Canada: Work Schedules and Tacos

It’s easy to forget sometimes that we’re here for work because we spend so much time in the car looking at beautiful landscapes. But this week is so go-go-go, there’s no way around our work being all consuming. It’s also easy to forget we’re still freelance writing part-time. I’ll admit that on more than one occasion I’ve remembered I have an article deadline just a few hours before hand, and had to scramble to get it done. Whoops! 

This week in particular has been extremely hectic. Our work schedule has changed so many times it’s been hard to keep up and book campsites. And an extra layer of complication came into play when we opened our microscope case to find it reeked of acetone – the chemical in nail polish remover.

I need to vaporize a small amount of it over every slide I analyze, so it’s pretty important. I don’t know if I’ve really explained what I’m doing for work – but I’m basically inspecting buildings to make sure their asbestos isn’t dangerous. “Isn’t all asbestos dangerous?” you may say. Tons of buildings have asbestos (if it was built in the 1950s-70s I have bad news for you), but when it’s just chillin’ in its solid form there’s no harm. It’s only when people go renovating or demolishing things that asbestos dust can get into your lungs and cause a cancer called mesothelioma. So I am basically touring Canada making sure my site locations don’t have any crumbling asbestos, or making sure it’s being removed safely if they do.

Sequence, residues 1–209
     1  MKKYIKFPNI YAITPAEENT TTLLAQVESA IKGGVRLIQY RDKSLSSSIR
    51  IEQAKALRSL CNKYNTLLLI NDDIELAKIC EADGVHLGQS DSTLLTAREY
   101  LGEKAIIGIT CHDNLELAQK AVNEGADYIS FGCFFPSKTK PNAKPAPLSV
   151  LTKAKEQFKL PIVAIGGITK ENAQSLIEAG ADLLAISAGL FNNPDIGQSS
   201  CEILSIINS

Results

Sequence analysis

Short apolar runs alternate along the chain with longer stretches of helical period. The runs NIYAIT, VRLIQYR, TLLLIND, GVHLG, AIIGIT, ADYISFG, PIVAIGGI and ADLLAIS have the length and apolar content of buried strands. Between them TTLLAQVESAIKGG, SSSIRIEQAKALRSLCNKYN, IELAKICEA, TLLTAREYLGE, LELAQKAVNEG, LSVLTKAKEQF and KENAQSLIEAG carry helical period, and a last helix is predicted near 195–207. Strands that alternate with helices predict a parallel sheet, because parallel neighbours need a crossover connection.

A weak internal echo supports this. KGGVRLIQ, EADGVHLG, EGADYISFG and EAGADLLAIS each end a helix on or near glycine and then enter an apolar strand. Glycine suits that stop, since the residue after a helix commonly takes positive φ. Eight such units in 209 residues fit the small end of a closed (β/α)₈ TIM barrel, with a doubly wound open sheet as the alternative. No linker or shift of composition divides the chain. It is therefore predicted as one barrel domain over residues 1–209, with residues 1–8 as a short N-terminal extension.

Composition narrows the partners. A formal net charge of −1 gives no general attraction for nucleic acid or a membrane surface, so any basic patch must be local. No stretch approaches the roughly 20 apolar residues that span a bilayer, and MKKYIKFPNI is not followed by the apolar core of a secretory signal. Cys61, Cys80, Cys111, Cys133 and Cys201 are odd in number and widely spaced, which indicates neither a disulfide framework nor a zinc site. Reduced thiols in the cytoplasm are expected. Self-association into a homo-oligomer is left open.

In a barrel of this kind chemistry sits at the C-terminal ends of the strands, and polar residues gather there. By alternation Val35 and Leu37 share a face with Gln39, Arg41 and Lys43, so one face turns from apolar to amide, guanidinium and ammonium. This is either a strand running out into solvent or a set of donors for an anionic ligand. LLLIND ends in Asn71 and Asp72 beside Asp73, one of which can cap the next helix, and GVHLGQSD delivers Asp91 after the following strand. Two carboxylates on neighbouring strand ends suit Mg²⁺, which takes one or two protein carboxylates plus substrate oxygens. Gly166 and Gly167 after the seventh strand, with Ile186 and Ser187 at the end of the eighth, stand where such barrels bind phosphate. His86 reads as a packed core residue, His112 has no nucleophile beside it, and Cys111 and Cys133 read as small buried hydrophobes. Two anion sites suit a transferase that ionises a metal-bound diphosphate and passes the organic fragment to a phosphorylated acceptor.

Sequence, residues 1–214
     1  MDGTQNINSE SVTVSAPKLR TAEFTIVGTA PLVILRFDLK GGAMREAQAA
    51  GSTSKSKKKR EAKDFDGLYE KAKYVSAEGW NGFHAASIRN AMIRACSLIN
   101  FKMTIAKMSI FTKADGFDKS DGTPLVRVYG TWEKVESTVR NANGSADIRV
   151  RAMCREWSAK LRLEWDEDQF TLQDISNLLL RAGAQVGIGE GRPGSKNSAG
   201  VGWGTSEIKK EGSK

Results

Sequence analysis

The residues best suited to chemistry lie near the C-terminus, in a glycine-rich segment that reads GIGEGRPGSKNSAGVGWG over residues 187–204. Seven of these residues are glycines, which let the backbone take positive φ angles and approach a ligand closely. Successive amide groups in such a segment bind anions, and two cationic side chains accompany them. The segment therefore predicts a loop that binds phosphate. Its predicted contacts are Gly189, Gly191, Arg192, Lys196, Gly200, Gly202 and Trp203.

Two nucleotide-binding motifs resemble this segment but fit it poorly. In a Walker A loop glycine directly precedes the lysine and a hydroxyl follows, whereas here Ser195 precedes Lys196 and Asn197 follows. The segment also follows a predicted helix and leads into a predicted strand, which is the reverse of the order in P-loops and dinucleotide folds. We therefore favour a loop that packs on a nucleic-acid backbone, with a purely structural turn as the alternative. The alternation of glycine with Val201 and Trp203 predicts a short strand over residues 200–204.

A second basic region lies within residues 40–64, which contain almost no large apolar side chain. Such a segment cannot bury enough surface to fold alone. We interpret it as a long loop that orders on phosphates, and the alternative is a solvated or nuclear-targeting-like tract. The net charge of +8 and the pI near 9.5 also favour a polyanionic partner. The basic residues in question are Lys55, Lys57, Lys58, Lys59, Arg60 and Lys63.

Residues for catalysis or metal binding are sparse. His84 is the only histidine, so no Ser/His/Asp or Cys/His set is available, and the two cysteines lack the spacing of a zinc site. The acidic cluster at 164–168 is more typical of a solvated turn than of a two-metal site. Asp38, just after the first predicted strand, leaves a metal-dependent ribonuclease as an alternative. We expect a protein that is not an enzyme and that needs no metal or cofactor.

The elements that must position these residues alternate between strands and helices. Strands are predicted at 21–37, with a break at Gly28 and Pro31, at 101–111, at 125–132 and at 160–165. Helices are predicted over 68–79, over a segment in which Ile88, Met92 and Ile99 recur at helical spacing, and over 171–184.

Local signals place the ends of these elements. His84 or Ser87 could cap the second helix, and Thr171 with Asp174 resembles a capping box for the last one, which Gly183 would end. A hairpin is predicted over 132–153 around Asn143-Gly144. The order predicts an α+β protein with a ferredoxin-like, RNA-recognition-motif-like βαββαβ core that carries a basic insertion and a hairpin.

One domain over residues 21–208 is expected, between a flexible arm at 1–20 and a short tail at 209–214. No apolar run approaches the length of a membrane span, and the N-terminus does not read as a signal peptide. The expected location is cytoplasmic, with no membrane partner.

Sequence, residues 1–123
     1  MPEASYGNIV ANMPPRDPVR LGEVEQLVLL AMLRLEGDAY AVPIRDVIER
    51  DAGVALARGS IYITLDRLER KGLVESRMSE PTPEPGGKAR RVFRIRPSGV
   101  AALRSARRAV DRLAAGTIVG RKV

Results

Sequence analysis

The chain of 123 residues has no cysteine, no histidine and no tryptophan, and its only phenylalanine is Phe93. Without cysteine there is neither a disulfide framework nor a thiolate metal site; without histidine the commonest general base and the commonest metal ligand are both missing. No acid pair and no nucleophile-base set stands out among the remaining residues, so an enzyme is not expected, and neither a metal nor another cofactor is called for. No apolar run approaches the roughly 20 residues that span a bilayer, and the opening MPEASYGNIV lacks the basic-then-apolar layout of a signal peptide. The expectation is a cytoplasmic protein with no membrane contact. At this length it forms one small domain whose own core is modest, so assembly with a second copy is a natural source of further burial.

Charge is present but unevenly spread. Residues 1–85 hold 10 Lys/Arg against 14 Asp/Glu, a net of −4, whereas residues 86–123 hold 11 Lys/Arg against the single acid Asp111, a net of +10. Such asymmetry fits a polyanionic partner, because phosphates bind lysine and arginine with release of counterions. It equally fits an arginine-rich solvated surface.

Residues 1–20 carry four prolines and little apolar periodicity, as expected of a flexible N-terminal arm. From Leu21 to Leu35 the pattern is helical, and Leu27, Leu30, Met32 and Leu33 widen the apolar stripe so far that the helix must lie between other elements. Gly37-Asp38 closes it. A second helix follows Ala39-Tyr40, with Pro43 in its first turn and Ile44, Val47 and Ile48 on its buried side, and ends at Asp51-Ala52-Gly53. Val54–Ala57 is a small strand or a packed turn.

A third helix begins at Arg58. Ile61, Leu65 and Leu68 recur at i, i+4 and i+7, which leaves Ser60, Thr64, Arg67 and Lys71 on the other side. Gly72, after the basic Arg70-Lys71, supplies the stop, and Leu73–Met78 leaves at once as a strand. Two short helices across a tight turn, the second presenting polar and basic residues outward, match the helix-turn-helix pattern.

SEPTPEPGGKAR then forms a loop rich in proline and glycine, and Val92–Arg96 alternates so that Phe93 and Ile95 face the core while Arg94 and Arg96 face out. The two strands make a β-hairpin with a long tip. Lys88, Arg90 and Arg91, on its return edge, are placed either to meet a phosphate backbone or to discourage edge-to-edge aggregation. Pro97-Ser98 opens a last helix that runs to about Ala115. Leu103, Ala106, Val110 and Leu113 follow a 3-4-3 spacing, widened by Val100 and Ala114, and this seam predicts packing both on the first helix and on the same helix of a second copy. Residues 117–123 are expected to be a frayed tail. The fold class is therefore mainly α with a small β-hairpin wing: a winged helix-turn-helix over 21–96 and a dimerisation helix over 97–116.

It comes with a pretty cool post-apocalypse fashion for my uniform. Defo won’t be catching COVID in this baby.

Back to the acetone fiasco.

At first we thought a little had leaked out but the vile was bone dry. The lid isn’t totally solid and has a rubbery top so it’s easy to stick a syringe through it and extract a small amount of acetone. But because so many tiny holes have been poked in it, and the microscope lives in our car which often gets sweltering hot… it seems the entire vile of acetone has evaporated. But not all hope is lost. A new bottle is being shipped to my cousin’s house in Edmonton, where we plan to be by the weekend.

But we were thrown a curve ball when an extra job site got added to my schedule last minute. So plans have changed again and we’re set to be driving all over central Saskatchewan and Alberta. We’ve lost our Saturday but still need to make it to Edmonton to pick up the acetone as well as some other things we were sent from home, like Chesney’s official Ontario driver’s license. Pretty important considering he isn’t actually working (he’s still legally a tourist) and is just along for the journey. If he can’t drive what good is he to me?

When asked if Chesney liked this pic he responded: “I look like I’m driving away from a bad memory”

So we’re doing a route that looks something like this:
Mon: Saskatoon, Saskatchewan 
Tues: Meadow Lake, Saskatchewan
Wed: Travel Day
Thurs: Red Deer, Alberta
Fri: Hanna, Alberta
Sat: Brooks, Alberta

And then racing (legally) up to Edmonton for Saturday night to squeeze in dinner with my aunt, uncle and cousin.

We even had to arrange with our campground hosts to let us vacate the parking spot, tow the trailer to a general lot on the grounds, go to Brooks, and the come back through Hanna to pick it up on our way to Edmonton so that we can drive faster (again, legally…mostly) to and from our Saturday job site.

Quite the week!